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Old November 22nd 09, 09:25 PM posted to soc.culture.french,soc.history.war.misc,soc.culture.russian,soc.culture.german,rec.games.chess.politics
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Default Napoleon by Emil Ludwig

Napoleon by Emil Ludwig

This is the great classic biography of Napoleon, just as it was first
published in 1926, with the cover here being the original cover on the
1926 work.

This book has been reprinted many times, by many different publishers.
Here we are using the original 1926 First edition.

There have been many other biographies of Napoleon. What makes Emil
Ludwig's work the most famous of all is his literary style and
presentation. The book starts with “The Island”, and then follows with
“The Torrent”, “The River”, “The Sea” and finally concludes with “The
Rock”.

The names for some of these parts are obvious. “The Island” was the
Island of Corsica where Napoleon was born on 15 August 1769. “The
Rock” was of course the Island of Saint Helena where Napoleon was
exiled and where he finally died on 5 May 1821.

What remains a mystery to anybody who is not French is: Why is
Napoleon so revered by the French People? True, he rose from humble
origins to become a great emperor. His troops revered him and followed
him, even to their deaths. Yet, his campaigns were disastrous, most
notably his 1812 campaign into Moscow where he discovered, after
conquering the country, that his troops had no food to eat, the crops
having been burned.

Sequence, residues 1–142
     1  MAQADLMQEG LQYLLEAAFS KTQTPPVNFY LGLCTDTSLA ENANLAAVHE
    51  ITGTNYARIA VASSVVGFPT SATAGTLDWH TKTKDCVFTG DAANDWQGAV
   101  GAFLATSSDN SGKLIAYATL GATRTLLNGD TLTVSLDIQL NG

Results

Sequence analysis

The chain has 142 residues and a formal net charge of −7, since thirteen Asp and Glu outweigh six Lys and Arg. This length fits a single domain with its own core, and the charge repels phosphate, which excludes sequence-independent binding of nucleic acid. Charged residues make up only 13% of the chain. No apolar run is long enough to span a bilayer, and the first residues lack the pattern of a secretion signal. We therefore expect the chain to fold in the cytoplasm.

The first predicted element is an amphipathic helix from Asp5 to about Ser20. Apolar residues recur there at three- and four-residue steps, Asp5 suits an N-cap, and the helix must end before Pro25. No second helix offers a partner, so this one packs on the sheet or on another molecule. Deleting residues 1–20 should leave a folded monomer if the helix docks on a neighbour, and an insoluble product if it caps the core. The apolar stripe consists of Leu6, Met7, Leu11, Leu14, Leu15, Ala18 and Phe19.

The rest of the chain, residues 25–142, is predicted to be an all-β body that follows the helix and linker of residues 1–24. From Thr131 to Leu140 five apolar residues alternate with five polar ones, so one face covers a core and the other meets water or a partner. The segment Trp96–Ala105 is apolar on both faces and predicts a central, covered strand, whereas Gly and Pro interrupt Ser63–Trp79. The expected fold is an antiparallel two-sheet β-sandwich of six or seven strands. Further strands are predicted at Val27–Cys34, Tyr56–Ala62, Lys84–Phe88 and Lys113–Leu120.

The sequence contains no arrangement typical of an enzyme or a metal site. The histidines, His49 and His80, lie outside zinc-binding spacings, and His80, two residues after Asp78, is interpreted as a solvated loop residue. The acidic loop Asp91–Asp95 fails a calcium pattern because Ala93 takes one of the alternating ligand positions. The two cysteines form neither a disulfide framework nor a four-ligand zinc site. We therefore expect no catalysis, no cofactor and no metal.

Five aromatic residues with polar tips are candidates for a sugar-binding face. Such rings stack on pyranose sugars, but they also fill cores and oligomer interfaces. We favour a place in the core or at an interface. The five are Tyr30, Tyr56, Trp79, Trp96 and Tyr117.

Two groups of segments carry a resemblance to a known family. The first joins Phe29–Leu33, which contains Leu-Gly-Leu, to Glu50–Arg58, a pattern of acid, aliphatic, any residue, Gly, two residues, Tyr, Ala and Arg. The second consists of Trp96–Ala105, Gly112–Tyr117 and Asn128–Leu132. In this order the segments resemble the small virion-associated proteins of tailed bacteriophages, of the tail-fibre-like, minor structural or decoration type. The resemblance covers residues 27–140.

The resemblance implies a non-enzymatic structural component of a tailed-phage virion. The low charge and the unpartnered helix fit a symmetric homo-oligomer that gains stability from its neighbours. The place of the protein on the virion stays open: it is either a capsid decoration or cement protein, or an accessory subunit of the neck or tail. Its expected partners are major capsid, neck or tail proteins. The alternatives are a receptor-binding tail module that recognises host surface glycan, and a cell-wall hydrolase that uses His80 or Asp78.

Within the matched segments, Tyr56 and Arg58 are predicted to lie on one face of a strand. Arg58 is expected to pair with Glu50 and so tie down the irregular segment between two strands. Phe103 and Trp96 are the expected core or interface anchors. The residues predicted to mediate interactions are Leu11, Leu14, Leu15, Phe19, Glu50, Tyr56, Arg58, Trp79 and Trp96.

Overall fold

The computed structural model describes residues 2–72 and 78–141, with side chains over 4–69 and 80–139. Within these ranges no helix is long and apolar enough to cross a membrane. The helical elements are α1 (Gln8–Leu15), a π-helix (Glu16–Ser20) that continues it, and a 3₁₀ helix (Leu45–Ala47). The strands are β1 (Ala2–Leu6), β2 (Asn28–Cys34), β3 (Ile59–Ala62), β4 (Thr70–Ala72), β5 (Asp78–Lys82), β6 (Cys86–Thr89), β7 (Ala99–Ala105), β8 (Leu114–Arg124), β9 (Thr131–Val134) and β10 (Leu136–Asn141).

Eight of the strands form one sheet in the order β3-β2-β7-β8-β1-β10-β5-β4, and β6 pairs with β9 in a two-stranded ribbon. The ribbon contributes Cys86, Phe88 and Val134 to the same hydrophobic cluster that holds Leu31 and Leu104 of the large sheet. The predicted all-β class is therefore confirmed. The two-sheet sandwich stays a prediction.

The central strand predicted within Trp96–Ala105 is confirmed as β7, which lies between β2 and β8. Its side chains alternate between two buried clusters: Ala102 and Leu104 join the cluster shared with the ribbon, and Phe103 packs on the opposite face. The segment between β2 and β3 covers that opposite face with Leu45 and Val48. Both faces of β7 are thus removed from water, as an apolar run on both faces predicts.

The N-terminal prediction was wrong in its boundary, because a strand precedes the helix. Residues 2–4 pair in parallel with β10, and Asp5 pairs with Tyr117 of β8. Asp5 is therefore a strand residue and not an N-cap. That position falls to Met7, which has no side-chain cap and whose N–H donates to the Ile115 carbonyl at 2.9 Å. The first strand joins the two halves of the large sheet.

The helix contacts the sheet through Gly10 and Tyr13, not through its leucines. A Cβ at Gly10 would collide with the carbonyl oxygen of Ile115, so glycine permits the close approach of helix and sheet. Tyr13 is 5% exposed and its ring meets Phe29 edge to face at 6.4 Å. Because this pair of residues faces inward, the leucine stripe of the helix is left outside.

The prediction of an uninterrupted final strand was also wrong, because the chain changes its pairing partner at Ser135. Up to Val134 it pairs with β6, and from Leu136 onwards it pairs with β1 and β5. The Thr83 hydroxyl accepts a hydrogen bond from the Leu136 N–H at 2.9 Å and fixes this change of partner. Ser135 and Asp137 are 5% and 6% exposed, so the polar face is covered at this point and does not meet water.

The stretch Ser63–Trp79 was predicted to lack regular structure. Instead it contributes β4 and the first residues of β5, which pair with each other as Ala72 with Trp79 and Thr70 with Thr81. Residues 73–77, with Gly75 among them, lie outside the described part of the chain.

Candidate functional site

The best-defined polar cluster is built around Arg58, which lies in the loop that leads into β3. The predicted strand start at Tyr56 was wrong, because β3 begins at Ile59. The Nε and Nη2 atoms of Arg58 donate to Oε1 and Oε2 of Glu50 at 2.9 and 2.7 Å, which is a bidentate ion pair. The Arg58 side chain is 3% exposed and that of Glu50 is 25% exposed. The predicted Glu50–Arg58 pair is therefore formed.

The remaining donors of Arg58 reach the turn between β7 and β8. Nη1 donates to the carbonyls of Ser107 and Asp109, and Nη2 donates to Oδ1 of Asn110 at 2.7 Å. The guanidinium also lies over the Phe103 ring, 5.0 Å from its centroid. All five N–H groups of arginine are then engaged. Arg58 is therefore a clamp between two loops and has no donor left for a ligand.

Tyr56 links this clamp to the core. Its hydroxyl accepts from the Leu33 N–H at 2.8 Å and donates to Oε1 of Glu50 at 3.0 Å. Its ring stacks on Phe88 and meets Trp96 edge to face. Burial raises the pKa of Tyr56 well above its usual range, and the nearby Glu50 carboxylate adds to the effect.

Most of his troops died in the retreat from Moscow. Why then did fresh
troops join him? Why is the tomb of Napoleon a great monument in Paris
today? Why did his successors rule France and neighboring countries
thereafter, including Napoleon III or Louis Napoleon? We in the West
cannot figure this out.

Another question is: Why did his troops follow him, knowing the
likelihood that they would die in battle? After the end of his
campaigns in 1812, his troops were largely German, not French, the
French troops having already died. It is so easy to understand that
his troops followed him because they thought he was the best general?

But why fight at all? It is widely assumed that the reason that men go
off to war, to fight and die in battle, it to get the women on the
other side. The women of the enemy are the prizes to be won at war.
Or, perhaps, it is a latent homosexual desire, the desire to be with
one's “buddies”.

This biography by Emil Ludwig (1881-1948) is at its best when dealing
with the personality and the character of Napoleon. He brings Napoleon
to life. No other writer has done that so well and it is for this
reason that this biography is the most famous. On the other hand,
there is a bit too much of “Hero Worshiping” in this biography.

Emil Ludwig was born Emil Cohn in Breslau on 25 January 1881. Ludwig
was apparently a pen name. His work on Napoleon was a best seller and